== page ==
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Life after endometrial cancer

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What can I expect?

Most women with early endometrial cancer will be cured of their disease.

For women with more advanced disease, a cure may still be possible. For other women, treatment can keep the disease under control for long periods of time.

You will need to discuss your prognosis with your doctor, but it is not possible for any doctor to give you a 100 per cent accurate prediction on the course of your illness. Test results, the rate of tumour growth, how well you respond to treatment, and other factors such as age, fitness and your medical history are all important factors in assessing your prognosis.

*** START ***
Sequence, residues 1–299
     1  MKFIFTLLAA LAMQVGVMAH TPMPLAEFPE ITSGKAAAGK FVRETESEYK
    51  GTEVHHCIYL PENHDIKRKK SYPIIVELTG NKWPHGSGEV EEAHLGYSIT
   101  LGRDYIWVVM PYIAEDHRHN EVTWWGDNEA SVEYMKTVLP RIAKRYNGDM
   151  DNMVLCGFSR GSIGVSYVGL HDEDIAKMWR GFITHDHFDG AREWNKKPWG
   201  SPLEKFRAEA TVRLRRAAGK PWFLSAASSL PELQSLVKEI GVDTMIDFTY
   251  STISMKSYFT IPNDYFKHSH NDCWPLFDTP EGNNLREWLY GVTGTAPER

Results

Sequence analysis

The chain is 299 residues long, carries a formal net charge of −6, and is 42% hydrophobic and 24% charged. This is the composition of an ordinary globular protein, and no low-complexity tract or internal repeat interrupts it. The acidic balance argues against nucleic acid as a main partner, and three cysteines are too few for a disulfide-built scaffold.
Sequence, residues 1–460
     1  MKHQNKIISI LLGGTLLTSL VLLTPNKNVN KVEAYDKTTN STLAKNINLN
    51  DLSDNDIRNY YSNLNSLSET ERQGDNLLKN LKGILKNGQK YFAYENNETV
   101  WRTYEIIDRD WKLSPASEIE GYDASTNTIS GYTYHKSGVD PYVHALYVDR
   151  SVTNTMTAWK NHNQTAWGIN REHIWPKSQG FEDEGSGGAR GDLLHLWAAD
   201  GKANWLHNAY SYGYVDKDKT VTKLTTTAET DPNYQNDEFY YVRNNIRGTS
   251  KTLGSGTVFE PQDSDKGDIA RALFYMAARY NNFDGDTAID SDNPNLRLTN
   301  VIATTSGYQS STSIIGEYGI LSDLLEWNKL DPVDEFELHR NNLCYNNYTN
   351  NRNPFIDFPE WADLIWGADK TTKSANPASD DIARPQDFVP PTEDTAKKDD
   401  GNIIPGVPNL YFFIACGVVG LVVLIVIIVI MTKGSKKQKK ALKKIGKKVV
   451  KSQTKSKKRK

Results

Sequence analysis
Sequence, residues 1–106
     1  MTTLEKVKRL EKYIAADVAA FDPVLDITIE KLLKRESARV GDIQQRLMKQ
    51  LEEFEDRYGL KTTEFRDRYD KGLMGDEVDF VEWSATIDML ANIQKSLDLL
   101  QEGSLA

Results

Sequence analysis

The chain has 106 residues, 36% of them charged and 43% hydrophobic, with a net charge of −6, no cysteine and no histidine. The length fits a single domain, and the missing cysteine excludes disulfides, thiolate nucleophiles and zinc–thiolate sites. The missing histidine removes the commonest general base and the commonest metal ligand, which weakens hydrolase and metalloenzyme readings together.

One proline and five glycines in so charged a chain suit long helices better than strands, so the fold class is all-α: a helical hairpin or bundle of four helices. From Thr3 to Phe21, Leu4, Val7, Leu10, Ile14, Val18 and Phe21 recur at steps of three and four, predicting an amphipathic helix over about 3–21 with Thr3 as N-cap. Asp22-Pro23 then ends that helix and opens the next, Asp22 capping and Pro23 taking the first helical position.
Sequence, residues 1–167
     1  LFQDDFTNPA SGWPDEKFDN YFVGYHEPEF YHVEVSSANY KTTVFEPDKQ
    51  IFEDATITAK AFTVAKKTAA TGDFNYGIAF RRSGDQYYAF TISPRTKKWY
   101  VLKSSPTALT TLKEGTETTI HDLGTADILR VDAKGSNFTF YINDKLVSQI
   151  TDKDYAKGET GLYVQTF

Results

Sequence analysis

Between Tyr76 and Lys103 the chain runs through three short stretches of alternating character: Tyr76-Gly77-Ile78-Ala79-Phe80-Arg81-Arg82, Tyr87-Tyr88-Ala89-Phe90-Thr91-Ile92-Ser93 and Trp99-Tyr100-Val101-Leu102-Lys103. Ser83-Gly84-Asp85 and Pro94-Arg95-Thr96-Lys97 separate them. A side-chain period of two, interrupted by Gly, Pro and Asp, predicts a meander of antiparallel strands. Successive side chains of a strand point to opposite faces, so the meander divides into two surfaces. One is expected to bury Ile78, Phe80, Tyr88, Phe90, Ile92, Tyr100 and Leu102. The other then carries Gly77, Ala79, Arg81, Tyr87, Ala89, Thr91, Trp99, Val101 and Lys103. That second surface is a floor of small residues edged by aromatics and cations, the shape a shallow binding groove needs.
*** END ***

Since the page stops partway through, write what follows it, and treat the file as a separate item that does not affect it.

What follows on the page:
Statistics about other women who have been diagnosed and treated for endometrial cancer can be helpful. However, it’s important to remember that these are overall statistics. The behaviour of every woman’s cancer is an individual thing and not predictable.

For many people the first few weeks after the diagnosis are very stressful. You may have trouble thinking, eating or sleeping.

It is crucial that you take steps to enhance your wellbeing at this time to help you adapt to the stress that you are facing. Nurturing your body and mind by eating nourishing food, doing some enjoyable physical activity, and taking some time out to do meditation or relax can help you to feel more balanced and improve your vitality.